Nerve contributor Lisa Worth has written a feature about the mangrove forests in Abu Dhabi.
Mention the UAE and immediately Dubai and desert spring to mind.
But less well known is the huge mangrove forest found in Abu Dhabi and Fujairah, collectively one of the biggest in the world.
Jess comes from the South China Sea island of Mindanao, and as a kayaking guide he’s something of an expert on the Eastern mangrove forest.
During the six years that he’s been here he’s studied the evolution of the habitat closely.
He said: “When I came there was a lot of rubbish in the mangrove, plastic bags and bottles, no birds. It was ugly. But the government has done a lot to clean it up, to protect it and help the wildlife here.”
In 2014 the area, approximately 3000 hectares, was designated a National Park and conservation measures were implemented to ensure the survival of this unique forest.
Only the mangrove tree can thrive in this kind of environment.
It plays a vital role in the ecosystem as a haven for migrating birds, and it’s a breeding ground for fish that supply the local market. The tree also scours carbon dioxide from the atmosphere, and so is a valuable tool in the fight against climate change.
But the battle to maintain it is a tough one.
Jess said: “You see the sign? It says jet skis forbidden and boats no faster than five knots. But still they go too fast and this frightens the animals. I could see 50 flamingos four years ago. Now? Maybe five. They are sensitive, they don’t like noise and go to a quieter place.”
Managing ecologically important areas like the mangrove forest alongside such a rapidly growing city like Abu Dhabi is complicated.
The threats of sedimentation, pollution and human impact are ever present.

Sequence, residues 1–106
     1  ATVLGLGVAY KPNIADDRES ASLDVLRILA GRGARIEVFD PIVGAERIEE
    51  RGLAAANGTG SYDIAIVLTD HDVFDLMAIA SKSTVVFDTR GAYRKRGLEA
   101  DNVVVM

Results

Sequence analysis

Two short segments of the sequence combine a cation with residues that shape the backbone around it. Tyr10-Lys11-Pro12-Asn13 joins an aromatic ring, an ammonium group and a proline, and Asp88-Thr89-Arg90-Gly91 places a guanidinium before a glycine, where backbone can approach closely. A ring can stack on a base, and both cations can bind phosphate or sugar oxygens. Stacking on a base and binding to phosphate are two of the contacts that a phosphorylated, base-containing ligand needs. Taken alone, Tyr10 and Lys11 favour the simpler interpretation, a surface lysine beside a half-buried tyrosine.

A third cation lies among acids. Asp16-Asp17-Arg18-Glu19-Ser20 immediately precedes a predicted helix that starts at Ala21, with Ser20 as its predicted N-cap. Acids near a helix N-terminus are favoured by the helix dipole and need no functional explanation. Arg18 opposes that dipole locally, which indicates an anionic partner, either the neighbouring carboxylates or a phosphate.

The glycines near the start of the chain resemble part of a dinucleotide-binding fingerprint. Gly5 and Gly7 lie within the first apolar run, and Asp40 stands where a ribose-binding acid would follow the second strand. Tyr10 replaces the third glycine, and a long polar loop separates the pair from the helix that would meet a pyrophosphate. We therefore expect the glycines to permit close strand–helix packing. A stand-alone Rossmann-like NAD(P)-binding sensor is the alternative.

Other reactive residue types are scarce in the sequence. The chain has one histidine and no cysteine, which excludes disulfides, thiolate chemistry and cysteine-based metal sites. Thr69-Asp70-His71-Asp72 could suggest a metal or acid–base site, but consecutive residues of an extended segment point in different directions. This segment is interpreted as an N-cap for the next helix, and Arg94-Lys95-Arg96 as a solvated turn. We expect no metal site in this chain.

A deep channel has been dug in the middle of the waterway to allow large vessels to transport materials and labour to Saadiyat island, home of the new Louvre, and the construction in the area is colossal.
But to mitigate the damage development causes, the government manages a nursery of mangrove saplings and so far, 750,000 of them have been planted.
Likewise, a programme of education has been implemented, including signs warning visitors not to feed the wildlife (after the Red Fox population dwindled due to ignorance.)
Jess said: “We take the school kids out on educational tours, to explain why this area is unique and should be looked after. There are dolphins that visit, turtles, sea snakes, and [rarely] dugong. Also, the Spotted Eagle. It is so beautiful.”
The growth of Abu Dhabi has been rapid.
Originally pearl fishing was the only industry, but this was decimated when the Japanese began to cultivate pearls in the 1930’s.
There are still people alive who recall famine and malaria being rife in this region before the production of oil, and only in 1973 did the first concrete building – the Hilton hotel – appear.
The remarkable progress made in health, housing and education, largely the initiative of the late Sheikh Zayed, who ruled until 2004, cannot be denied.
But like the rest of the world, Abu Dhabi is grappling with the plague of plastic being washed up on the coastline of its 200 islands.
Jess has been involved in saving five turtles after they were floundering due to ingesting it, and other species are at risk of disappearing, such as the Arabian white collared Kingfisher.
In June, Waitrose started to charge for plastic bags and other retailers are sure to follow, but the conservation work has a long way to go.
While Abu Dhabi is one of the wealthier parts of the globe, it still experienced an economic slump resulting in wages being driven down and prices going up.
Where once he was earning a comfortable living, Jess is now questioning whether he can stay. If he leaves who will care as much?
We took a moment to absorb the serenity of the glass – like water.
Jess said: “Look, in the distance you can see the city towers, too much traffic! But here it is like paradise. Calm. Not crazy. I like it here”